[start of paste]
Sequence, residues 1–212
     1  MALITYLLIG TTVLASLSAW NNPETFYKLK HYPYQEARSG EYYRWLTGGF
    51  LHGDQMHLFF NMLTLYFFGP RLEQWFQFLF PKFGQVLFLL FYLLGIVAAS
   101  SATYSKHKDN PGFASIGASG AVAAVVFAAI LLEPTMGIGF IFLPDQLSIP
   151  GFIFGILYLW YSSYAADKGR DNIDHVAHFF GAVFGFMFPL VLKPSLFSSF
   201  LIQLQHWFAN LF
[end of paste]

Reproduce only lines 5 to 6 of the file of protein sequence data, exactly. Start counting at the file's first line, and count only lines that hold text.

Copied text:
   151  GFIFGILYLW YSSYAADKGR DNIDHVAHFF GAVFGFMFPL VLKPSLFSSF
   201  LIQLQHWFAN LF